MT. KUMGANG, North Korea — From a glance at the tumbledown villages and the rusted-out railroad equipment, it would seem the North Koreans don't have much to boast about.
But if there is one undisputed point of pride in this country with a per capita income among the lowest in the world, it is the nuclear bomb.
To many North Koreans, the development of nuclear weapons vaults them into an exclusive club with the United States and China and the other great powers of the world.
"We're a nuclear power. We're not like Iraq, or Yugoslavia or Afghanistan. We can defend ourselves," boasted Kim Myong Song, a 30-year-old North Korean who was standing guard on the hiking trails at Mt. Kumgang, one of the few parts of the reclusive country open to visitors.
Pounding his fist in the air, Kim said that North Korea's nuclear weapons could demolish U.S. interests in the event of a war.
"We will turn the U.S. bases in South Korea into ashes. No U.S. base will be safe in Guam, Japan, Hawaii. Even the mainland United States won't be safe," he said.
"If we say we have nuclear weapons, you better believe it -- we do," said another guard, a 34-year-old in tinted glasses who gave his name as Mr. Kim.
U.S. intelligence agencies have believed for several years that North Korea has developed a nuclear bomb. But there is disagreement about whether the government in Pyongyang can mount it on a missile and whether those missiles could reach any part of the United States.
Brian Myers, an academic and literary critic who studies North Korean literature and media, says nuclear weapons have become a key element of domestic propaganda, used by the government to convince an impoverished population that they are as well-off as anybody else despite increasing evidence to the contrary.
"Nuclear weapons are crucial to the North Koreans' sense of dignity, especially vis-a-vis the South. Without them, they are mere beggars," said Myers, who teaches in South Korea.
The North Koreans' abiding pride in their nuclear weapons is one reason it is so difficult for the government to barter them away. For more than a year, Pyongyang has boycotted six-nation talks on its nuclear program, despite offers of a modern-day Marshall Plan to rebuild the country in exchange for denuclearization.
But over the weekend, North Korea agreed to resume the negotiations at the end of this month. U.S. Secretary of State Condoleezza Rice, on a six-day trip to Asia, said the decision was "only a start," echoing U.S. admonitions that Pyongyang must be ready to bargain when it returns to the table.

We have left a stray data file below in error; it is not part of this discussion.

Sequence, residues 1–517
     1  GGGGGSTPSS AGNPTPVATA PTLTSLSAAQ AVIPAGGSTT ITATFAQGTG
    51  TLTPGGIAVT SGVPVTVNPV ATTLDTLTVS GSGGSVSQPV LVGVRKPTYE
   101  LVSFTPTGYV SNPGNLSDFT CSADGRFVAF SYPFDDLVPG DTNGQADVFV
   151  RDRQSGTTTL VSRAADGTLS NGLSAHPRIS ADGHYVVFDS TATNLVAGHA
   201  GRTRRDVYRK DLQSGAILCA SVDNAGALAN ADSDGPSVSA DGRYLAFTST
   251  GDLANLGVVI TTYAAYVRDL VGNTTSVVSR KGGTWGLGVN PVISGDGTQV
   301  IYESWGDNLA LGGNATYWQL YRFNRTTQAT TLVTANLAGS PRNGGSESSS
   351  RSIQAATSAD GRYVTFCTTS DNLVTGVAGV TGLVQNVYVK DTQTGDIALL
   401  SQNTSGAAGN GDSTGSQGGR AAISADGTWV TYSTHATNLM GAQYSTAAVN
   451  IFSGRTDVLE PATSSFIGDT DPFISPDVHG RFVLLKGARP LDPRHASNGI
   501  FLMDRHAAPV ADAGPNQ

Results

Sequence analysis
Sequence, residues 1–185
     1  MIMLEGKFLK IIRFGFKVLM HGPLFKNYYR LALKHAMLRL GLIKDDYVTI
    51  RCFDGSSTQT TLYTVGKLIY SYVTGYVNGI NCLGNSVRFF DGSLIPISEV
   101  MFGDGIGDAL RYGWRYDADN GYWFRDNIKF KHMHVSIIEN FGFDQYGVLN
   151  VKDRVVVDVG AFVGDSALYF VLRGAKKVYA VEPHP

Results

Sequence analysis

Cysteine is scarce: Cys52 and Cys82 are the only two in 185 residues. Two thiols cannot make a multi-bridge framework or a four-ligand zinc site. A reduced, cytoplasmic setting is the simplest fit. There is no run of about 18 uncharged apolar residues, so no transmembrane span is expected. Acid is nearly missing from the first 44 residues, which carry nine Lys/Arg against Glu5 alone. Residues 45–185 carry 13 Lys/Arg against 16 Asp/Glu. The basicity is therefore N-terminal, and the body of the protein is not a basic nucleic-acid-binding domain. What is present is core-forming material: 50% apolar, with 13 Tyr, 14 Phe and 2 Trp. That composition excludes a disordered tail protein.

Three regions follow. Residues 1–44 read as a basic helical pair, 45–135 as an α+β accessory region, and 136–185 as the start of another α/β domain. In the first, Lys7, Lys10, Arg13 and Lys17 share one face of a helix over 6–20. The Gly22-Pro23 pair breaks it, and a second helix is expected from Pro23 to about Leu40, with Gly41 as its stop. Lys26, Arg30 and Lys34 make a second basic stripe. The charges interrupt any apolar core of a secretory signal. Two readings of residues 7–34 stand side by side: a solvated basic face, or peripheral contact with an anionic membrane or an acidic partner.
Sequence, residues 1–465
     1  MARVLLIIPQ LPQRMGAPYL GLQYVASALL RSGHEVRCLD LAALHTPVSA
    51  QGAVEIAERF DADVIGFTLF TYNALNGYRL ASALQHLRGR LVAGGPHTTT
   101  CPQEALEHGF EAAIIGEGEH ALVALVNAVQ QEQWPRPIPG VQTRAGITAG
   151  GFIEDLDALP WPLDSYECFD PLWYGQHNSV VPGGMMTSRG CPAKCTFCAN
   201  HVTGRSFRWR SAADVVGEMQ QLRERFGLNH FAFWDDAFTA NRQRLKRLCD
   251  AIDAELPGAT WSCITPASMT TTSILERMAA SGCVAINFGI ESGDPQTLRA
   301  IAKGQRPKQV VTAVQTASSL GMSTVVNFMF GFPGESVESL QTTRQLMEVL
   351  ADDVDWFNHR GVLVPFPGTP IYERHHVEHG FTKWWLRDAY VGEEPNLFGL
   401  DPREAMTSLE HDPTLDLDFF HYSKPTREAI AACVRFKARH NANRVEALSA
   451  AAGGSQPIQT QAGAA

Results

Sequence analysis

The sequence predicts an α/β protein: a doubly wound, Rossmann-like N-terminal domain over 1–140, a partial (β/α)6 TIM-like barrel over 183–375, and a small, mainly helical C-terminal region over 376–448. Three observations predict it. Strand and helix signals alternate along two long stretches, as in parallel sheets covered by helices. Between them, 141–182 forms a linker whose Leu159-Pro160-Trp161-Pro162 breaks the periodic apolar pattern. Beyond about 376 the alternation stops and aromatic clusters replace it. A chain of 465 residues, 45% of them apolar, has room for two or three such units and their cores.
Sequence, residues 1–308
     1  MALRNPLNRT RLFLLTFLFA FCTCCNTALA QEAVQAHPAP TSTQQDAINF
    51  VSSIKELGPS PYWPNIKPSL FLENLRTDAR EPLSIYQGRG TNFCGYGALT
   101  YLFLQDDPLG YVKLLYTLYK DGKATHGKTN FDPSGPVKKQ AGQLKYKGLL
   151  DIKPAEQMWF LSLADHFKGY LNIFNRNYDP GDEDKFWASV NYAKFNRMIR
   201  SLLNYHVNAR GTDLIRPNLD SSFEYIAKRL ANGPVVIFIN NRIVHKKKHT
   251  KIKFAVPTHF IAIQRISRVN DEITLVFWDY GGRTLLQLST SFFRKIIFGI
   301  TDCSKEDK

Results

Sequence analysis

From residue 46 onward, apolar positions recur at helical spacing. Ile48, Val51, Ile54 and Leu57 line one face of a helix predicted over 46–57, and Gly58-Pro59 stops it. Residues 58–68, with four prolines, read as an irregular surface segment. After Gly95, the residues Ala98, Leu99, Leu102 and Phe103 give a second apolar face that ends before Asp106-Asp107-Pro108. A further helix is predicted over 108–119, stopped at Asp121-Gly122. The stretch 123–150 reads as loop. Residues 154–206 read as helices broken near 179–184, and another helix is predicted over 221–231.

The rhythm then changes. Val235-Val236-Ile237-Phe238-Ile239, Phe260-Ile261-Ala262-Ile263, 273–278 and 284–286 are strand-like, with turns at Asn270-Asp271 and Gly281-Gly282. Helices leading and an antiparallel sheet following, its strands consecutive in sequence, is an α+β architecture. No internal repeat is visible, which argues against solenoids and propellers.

Washington is mindful that North Korea could return to the negotiations only to stall for time to reprocess more plutonium for nuclear weapons. By some estimates, North Korea may already have enough plutonium for up to nine nuclear devices.
Previous rounds of the disarmament talks have lasted two or three days, but this month's meeting may last longer, as the United States and its partners, South Korea, China, Japan and Russia, will want to see concrete results before adjourning, a senior administration official said.
Peter Hayes, the head of the Nautilus Institute, a San Francisco-based think tank, said that the more closely North Korea associates its image with nuclear weapons, the harder it will be to strike a deal.
"There is a kind of nuclear nationalism that you are seeing here," Hayes said, adding that North Korea's proximity to Hiroshima and the threat of a nuclear strike by the United States during the 1950-53 Korean War has created a mind-set in which nuclear weapons have an almost mystical power.
"For four or five decades, they have been at the other end of the nuclear barrel, so it is not surprising that they are obsessed with it," Hayes said.
At Mt. Kumgang, South Korean tour guides instruct foreign tourists not to talk to North Koreans about politics -- especially not about the bomb. But the guards patrolling the hiking trails appear eager to boast about their nuclear program.
North Koreans have been taught for years that they have some mysterious, all-powerful weapon that could devastate the United States, but only recently has it been explicitly named as a nuclear bomb. Those interviewed at Mt. Kumgang said they were thrilled their government announced unequivocally this year that it had developed nuclear weapons.
"There was no celebration, but people feel really good about it," said a North Korean trail guard in her 20s, elegantly dressed in a fake Burberry jacket and matching scarf, but as belligerent as her male counterparts.
"We're not afraid of the Americans," she said, then added a note of political correctness, North Korean style, "not just because of our nuclear weapons, but because of our great general" -- a reference to North Korean leader Kim Jong Il.
"If any country has nuclear weapons, all countries should have the right to nuclear weapons," said Kim Myong Song, the 30-year-old guard, echoing another theme of the official propaganda. He said he so keenly believed in the right to nuclear weapons that "if the United States were to attack us, I'd carry a nuclear bomb in my backpack all the way to America."
By the same token, the guard said that he wished for a nuclear-free world -- yet another theme of North Korean propaganda.
"But if there is nonproliferation," he said, "it should be nonproliferation for everyone."
Times staff writer Sonni Efron in Phuket, Thailand, contributed to this report.